Harbor Freight cart and fire starters

I am finally putting together some of the stuff/tools that will help me make stuff around the house. Today I built a small two shelf metal cart I got from Harbor Freight for about $30.00 a couple of years ago. I knew I wanted a small cart to make jobs around the shop and garden easier by having a mobile work platform for tools and stuff, but I never took the time to put together the cart.

I have to say putting the cart was a challenge because the metal shelves are not square or welded at the corners. The metal has a properly bent crease but it takes some muscle power to get the metal shelf walls close enough to get the bolts through and attached. What I thought would be an easy job of bolting together a cart became a multi-hour job of getting the metal shelves to fit the legs of the cart.

I can say that all of the holes were correctly positioned once I got the the legs in place and tightened down the the bolts and it is a nice small cart that can work as extra work space for moving tools, plants for the garden or even a patio cart for moving food around when you BBQ. The cart was worth buying but just so you know it takes a bit of muscle to put the cart together.

I’m making more fire starters with the paraffin wax and wood chips in cupcake muffin papers. I am getting better about stocking up on kindling and splinting my fire wood into smaller and easier to burn firewood. While I still use a bit of paper around the fire starter and add about five sticks of kindling. I know the “fire starters” always work with just one match I’ll start a fire every time.

If you want to make your own fire starters it is easy but you have to heat the paraffin wax slowly at low temps because that wax is very flammable. I use a small crock pot set on low heat or a Homedicis wax bath for wax heat coats for arthritic joint therapy. Wax for canning is paraffin and you can find it in most canning sections of stores. I bought my last batch of wax from Amazon because I got a better price per pound price. Fill the muffin cup 1/3-1/2 full of wood chips then add about 1/4 of a cup of wax and that is all you need to make your own fire starters. I use mostly wood chips but I have used paper egg crates instead of muffin tin papers, sawdust or small pine cones and decorative ribbons to give fire starters out as Holiday gifts.

Don’t be afraid to open a window or door if your fireplace/wood stove makes your house a bit warm. I know I felt like I was wasting heat if I opened a window or door if the room that my wood stove got warm. This year I’m opening up the door to let out some heat but also let in some fresh air.

I tried to hold all heat in in the winter and I forget that the house needs to breathe. While you can call me bad names but I have a hard time keeping my wood stove from heating the front part of the house in the 80 degree F. range. It’s not my fault because I have an efficient wood stove, dry wood and good insulation. Now that I’m opening the front door for some fresh air the back part of my house gets a couple of degrees warmer.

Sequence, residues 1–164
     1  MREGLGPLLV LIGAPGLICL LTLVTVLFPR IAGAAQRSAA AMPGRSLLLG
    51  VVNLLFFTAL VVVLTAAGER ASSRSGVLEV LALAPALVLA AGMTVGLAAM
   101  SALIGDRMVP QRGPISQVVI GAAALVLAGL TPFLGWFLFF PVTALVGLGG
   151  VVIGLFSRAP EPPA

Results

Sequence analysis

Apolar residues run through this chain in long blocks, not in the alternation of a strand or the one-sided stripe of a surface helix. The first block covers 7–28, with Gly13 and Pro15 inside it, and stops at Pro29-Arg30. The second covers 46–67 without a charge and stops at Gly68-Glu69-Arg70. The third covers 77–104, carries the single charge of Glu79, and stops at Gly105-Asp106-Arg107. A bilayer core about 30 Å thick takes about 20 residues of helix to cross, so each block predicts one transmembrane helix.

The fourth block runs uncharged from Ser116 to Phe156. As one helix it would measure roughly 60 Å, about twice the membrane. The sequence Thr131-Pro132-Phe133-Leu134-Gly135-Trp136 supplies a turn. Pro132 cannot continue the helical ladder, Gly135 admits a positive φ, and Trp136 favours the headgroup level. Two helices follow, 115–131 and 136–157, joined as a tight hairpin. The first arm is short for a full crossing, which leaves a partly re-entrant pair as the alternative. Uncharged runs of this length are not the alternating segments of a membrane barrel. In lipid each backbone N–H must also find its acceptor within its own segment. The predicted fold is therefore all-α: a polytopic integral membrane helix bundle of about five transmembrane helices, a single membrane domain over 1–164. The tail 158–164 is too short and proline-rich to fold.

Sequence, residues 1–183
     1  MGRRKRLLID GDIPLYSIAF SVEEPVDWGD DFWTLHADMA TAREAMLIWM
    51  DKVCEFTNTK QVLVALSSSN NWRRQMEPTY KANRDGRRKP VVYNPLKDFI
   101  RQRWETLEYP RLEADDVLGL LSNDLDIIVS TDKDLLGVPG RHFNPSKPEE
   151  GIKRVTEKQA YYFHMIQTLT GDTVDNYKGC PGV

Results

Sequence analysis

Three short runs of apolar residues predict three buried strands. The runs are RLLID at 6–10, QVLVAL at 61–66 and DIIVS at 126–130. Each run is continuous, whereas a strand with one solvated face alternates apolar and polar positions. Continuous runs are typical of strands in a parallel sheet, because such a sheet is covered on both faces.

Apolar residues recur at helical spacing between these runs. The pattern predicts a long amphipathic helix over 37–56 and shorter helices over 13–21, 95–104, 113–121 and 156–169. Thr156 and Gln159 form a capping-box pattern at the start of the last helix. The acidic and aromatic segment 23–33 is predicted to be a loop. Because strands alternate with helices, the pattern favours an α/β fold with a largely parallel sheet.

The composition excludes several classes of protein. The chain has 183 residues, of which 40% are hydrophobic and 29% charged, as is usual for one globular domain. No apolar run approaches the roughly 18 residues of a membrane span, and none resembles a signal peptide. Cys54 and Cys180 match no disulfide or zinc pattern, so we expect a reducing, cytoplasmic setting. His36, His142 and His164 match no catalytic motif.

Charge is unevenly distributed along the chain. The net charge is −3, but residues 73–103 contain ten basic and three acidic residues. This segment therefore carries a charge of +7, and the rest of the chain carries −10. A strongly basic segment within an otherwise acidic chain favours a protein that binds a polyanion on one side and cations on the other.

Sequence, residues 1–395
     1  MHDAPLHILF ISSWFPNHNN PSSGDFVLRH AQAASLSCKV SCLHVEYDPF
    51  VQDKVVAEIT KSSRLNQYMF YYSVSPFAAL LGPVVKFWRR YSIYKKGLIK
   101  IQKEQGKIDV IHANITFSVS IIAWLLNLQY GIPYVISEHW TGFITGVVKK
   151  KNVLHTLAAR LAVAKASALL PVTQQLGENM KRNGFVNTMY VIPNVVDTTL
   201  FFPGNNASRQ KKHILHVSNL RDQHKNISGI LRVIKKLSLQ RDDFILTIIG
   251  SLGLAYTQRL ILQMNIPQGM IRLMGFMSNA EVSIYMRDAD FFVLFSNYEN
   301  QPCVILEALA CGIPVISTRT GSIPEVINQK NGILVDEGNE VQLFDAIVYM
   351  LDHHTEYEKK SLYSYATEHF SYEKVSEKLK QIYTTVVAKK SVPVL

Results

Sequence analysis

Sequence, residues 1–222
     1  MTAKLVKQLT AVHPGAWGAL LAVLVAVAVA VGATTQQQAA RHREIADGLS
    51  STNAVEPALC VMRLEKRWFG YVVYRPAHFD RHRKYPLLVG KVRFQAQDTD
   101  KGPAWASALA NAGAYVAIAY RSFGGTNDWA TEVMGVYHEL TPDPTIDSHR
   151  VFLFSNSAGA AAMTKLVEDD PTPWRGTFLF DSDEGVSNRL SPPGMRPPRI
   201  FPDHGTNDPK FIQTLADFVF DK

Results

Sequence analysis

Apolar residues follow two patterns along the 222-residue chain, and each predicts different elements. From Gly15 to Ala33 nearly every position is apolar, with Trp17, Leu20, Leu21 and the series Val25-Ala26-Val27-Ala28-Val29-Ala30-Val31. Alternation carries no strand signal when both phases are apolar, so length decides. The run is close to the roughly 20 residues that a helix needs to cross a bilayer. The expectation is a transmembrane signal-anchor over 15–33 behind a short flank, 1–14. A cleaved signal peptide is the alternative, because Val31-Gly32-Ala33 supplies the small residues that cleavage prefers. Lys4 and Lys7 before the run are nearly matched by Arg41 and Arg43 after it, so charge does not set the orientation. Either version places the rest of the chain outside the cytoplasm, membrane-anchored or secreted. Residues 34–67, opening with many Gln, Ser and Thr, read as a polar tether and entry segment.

Every home and every body is different. All I can say is my experience by opening up my front door to get fresh air, seems to move warmer air into the back part of my house the farthest away from the wood stove and the open door. Obviously it is some sort of convection air movement. While I don’t understand why it works. I am happy that the back part of my house is staying warm.

2 Responses to Harbor Freight cart and fire starters

  1. Louise says:

    Could it be that your wood heater is too big for your house? My dad said that it is a common mistake, that people will get a bigger heater than they need, and then they have to keep the fires dampened down, leading to more smoke than heat, and also chimney fires. Surprisingly, when we went to buy a wood heater, the salesman steered us towards a bigger, more expensive one, but I wasn’t having it.

  2. Jamie says:

    Louise: My wood stove is over sized for my home’s sq. footage but I wanted a wood stove that took a standard 16-18 inch chunk of fire wood.
    I agree you should not buy a would stove larger than what you need for your home. But there are other considerations about the wood you are using. Is the wood dry and seasoned, do you need to cut and or split the wood to fit in your wood stove.

    Most wood stoves that are built for small homes under 1200 square feet actually use a 15 inch or smaller length chunk of firewood. That is fine if you cut your own fire wood. But if you are buying cut and split fire wood. You will have to cut and split that wood again to fit your smaller wood stove.

    Opening my front door a few inches, lets in fresh air, adds some humidity and is not drafty feeling. My solution is not the same solution for everyone.

    I hated letting out all that warm air from the stove for a couple of years. This year I open the door and the back part of the house temps are a couple of degrees warmer after opening my front door to
    to my enclosed but not insulated front porch and the fresh smelling air coming into the house is wonderful.

    With the larger wood stove I get plenty of heat and I can mitigate any over heating via opening windows or door. I’m not wasteful about my firewood heat.

    I agree with you a hot clean burning fire is preferable for keeping a chimney clean. Better to burn a good hot fire and open a window/door rather than have a smoking smudge type fire in your wood stove.

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